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October 14, 2010 / Melissa Leeanne

Salinger and the Tragedies of the Entitled

A worn paperback version of Salinger’s The Catcher in the Rye sat on a shelf in the third floor communal kitchen of Waldhäuser Ost.  The abandoned book with dogeared pages and a cover curling at the corners reeked of destiny.  He had informed me that I must read this life altering masterwork.  I examined the book, left by some departing student on the same day that I was to embark on a 4 hour train journey to a new city, where I would arrive too late to check into my flat, where I would check into a hostel and devour the whole book before 24 hours would pass.  Perfect.

Yesterday I finished reading Franny and Zooey and as I was nearing the end I realized that, while there are discernibly universal themes, this book, as with The Catcher in the Rye was about the perceived trials and tribulations of entitled, upper or upper middle class, white Americans.

I found both novels to be engaging, I pored over Salinger’s language, and as so many others have, I could relate to the characters and their dilemmas.  Oh, what dilemmas.  I think it is even more the case in Franny and Zooey but these are the dilemmas of the young and affluent, those who are afforded fine educations and the time and resources to have breakdowns and personal crises, rendered immobile by internal existential debates and confusion over their perception of self or their role in society.

Coming from a solid middle class background, having received a fine k-12 education and an above average college education from a private institution, I can, of course, relate to these tragedies of the entitled.  Those of us who are not truly worried about affording food or housing can afford to spend copious amounts of time ruminating on the authenticity of our peers, the sincerity of ideas, the value of the opinions of this or that intellectual, theology and philosophy and the goddamn stars in the sky.  I don’t mean to imply that those lacking this financial comfort don’t have these roving thoughts of great depth, they just don’t have the luxury of doing so in such a casual manner.

Franny or Holden could have breakdowns and drop out of or get kicked out of school, they could go on long train journeys home or to the city and they could spend days on end exploring their personal crises and the depths of their minds and they could sob for countless hours or drink and hire prostitutes – whatever they wanted.  They could check out of reality for days or weeks and when their minds are finally at ease, when they are again at peace with their internal demons, they could start where they left off.  Franny could easily go back to school and resume acting.  Holden could begin school again and could eventually become a financially stable and upstanding citizen.

Someone lower class?  Lower middle class?  They couldn’t afford to be so frivolous about things.  The less money a person has, the more every dollar is worth to that person.  To throw away a semester of school is a huge loss!  To spend days on end without working or dealing with one’s responsibilities could mean a huge loss of income, it could mean having trouble keeping a roof over one’s head or food on one’s table.  I won’t even try to imply that people of all socio-economic classes might have breakdowns, but while some young, white, rich kid can have a breakdown in the comfort of their or their parents’ home, someone with less money available might very well end up shivering on the streets.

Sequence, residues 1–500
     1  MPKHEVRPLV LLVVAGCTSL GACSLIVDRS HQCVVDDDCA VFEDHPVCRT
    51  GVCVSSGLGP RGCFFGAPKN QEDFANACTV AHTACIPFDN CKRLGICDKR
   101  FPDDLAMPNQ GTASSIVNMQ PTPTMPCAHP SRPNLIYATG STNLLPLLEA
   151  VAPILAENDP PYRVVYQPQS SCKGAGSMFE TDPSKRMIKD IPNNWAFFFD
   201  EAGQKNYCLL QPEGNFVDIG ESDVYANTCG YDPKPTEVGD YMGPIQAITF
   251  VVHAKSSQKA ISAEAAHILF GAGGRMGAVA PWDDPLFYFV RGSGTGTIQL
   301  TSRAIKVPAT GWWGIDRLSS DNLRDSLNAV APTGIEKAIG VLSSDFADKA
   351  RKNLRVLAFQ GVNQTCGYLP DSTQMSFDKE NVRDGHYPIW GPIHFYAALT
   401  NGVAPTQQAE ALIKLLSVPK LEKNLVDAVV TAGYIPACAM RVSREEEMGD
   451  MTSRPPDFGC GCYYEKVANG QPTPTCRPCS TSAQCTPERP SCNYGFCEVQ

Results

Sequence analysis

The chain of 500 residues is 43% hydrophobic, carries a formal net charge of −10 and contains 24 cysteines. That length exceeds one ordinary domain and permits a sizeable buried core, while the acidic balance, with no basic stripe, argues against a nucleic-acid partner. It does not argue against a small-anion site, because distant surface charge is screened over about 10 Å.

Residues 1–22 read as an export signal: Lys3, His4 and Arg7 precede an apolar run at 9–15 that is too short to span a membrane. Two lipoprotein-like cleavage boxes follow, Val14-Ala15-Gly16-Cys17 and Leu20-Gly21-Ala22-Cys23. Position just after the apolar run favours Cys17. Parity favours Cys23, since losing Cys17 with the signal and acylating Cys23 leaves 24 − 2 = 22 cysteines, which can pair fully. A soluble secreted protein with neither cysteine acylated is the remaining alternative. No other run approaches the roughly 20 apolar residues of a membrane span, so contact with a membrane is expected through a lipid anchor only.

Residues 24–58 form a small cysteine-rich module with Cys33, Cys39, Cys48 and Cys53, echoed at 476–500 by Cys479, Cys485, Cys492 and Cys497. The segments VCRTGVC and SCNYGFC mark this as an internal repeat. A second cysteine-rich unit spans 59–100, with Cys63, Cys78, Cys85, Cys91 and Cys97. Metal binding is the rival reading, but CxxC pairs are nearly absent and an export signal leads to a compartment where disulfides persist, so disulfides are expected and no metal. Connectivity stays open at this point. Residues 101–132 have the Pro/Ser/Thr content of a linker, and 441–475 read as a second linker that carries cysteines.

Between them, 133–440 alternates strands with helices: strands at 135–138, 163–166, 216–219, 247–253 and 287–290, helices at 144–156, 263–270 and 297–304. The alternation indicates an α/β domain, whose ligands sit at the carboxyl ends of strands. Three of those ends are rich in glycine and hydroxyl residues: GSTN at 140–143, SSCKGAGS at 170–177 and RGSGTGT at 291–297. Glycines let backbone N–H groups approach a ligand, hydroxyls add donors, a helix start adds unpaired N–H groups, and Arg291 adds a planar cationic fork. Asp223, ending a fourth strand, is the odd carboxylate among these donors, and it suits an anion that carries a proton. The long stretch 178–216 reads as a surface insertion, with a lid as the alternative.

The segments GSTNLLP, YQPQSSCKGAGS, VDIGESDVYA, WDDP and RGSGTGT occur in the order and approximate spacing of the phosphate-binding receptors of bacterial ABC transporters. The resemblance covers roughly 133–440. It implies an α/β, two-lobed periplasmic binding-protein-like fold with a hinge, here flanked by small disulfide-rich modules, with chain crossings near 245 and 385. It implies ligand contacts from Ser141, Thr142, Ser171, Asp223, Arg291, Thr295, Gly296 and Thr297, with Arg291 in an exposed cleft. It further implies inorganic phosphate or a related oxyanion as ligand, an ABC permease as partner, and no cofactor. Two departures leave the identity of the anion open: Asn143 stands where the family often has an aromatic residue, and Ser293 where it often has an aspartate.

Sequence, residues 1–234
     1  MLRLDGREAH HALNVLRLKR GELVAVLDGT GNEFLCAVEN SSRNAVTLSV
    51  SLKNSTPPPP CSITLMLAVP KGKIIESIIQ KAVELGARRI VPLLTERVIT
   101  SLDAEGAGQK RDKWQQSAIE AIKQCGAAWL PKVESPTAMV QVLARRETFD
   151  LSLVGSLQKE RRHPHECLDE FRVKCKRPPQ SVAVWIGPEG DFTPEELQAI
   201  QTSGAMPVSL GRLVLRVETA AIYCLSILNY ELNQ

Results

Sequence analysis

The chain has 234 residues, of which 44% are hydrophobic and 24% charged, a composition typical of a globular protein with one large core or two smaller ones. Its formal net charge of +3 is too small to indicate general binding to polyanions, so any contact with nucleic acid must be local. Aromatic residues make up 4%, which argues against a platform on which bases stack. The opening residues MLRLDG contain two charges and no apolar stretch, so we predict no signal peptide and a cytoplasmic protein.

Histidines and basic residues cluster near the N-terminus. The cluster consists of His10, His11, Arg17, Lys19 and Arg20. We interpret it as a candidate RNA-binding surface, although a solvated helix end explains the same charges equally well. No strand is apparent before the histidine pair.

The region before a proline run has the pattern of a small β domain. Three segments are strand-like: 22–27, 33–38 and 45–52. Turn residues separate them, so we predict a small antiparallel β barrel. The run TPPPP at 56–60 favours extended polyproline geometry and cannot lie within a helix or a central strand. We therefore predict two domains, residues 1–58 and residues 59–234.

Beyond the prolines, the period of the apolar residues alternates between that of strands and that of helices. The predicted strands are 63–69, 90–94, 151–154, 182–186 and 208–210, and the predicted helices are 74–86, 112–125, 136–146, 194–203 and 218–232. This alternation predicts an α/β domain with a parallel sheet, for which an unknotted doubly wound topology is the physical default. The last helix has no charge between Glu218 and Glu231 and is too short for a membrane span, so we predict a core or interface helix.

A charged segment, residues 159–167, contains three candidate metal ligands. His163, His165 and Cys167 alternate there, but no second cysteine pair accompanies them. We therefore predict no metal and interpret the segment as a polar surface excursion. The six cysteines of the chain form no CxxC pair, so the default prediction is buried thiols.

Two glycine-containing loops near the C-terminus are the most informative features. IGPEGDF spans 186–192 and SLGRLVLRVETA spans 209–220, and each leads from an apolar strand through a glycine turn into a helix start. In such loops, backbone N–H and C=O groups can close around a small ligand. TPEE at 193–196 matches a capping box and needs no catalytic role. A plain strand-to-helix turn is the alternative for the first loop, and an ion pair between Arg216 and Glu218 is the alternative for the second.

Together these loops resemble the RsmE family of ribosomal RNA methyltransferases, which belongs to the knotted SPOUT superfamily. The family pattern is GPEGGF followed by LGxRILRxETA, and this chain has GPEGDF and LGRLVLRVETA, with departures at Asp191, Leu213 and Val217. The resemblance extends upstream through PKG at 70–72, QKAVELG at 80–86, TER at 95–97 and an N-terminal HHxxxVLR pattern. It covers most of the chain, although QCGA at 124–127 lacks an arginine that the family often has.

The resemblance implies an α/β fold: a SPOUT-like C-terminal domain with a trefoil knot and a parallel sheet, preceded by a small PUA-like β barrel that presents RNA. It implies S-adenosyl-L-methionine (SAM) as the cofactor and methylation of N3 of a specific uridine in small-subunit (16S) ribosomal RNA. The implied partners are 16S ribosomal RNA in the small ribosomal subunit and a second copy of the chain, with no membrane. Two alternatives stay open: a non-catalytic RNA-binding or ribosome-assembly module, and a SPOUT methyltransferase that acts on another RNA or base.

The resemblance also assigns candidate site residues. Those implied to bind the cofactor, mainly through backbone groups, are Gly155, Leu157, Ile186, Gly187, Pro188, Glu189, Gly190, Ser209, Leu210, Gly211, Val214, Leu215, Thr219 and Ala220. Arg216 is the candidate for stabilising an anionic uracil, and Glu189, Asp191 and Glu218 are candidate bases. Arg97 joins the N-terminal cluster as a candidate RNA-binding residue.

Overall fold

Holden Caulfield is a hero to many, not in the same way as he was a hero to himself in the novel, but I know a number of people who see Holden to be some literary kindred spirit.  The same might be said of Franny, I could imagine fellow college alumni commiserating with Franny and her crisis.  At the same time that I can relate, I rather hate myself for it, for being so comfortable, for having it so easy that I recognize myself in fictional, moneyed, tragic youth when I want to, like Franny, be able to empathize with the poor, simple pilgrim.  Now go ahead and imagine that I am a character in one of Salinger’s fabled unpublished works as you read my verbose and damning commentary about protagonists whose lives and thought processes parallel my own and imagine me sitting at my desk, biting my lip as I realize the loop I’ve found myself in.

In any case, my favorite line from Franny and Zooey is this:

“You’d better get busy, though, buddy. The goddam sands run out on you every time you turn around.  I know what I’m talking about.  You’re lucky if you get time to sneeze in this goddam phenomenal world.”

That’s from Zooey’s lecture of Franny, which is, frankly, most of the Zooey portion of the book.  It’s near the very end, when he finally breaks through, when he provides her with advice or imparts some wisdom that she has been seeking or needing all along, it seems.

Who is your literary hero or to which literary figure do you most relate?

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